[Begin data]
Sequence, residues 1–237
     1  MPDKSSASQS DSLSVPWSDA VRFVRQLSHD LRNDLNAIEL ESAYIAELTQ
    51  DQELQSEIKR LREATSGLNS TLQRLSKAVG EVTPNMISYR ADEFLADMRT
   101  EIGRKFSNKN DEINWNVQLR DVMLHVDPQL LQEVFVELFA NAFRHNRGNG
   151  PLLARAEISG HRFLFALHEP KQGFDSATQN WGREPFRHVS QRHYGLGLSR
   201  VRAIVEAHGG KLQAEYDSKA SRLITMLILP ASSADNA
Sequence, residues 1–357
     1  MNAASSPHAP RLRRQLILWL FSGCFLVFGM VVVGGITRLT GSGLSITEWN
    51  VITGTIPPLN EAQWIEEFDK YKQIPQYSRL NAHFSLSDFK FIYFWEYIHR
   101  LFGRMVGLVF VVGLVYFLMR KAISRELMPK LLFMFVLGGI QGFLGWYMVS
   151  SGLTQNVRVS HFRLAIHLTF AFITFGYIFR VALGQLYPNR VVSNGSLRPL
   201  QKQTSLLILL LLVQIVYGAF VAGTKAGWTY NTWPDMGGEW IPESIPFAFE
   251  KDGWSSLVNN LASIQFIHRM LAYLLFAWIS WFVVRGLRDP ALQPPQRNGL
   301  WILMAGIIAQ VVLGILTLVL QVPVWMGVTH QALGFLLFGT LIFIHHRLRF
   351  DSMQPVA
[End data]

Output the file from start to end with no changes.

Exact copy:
Sequence, residues 1–237
     1  MPDKSSASQS DSLSVPWSDA VRFVRQLSHD LRNDLNAIEL ESAYIAELTQ
    51  DQELQSEIKR LREATSGLNS TLQRLSKAVG EVTPNMISYR ADEFLADMRT
   101  EIGRKFSNKN DEINWNVQLR DVMLHVDPQL LQEVFVELFA NAFRHNRGNG
   151  PLLARAEISG HRFLFALHEP KQGFDSATQN WGREPFRHVS QRHYGLGLSR
   201  VRAIVEAHGG KLQAEYDSKA SRLITMLILP ASSADNA
Sequence, residues 1–357
     1  MNAASSPHAP RLRRQLILWL FSGCFLVFGM VVVGGITRLT GSGLSITEWN
    51  VITGTIPPLN EAQWIEEFDK YKQIPQYSRL NAHFSLSDFK FIYFWEYIHR
   101  LFGRMVGLVF VVGLVYFLMR KAISRELMPK LLFMFVLGGI QGFLGWYMVS
   151  SGLTQNVRVS HFRLAIHLTF AFITFGYIFR VALGQLYPNR VVSNGSLRPL
   201  QKQTSLLILL LLVQIVYGAF VAGTKAGWTY NTWPDMGGEW IPESIPFAFE
   251  KDGWSSLVNN LASIQFIHRM LAYLLFAWIS WFVVRGLRDP ALQPPQRNGL
   301  WILMAGIIAQ VVLGILTLVL QVPVWMGVTH QALGFLLFGT LIFIHHRLRF
   351  DSMQPVA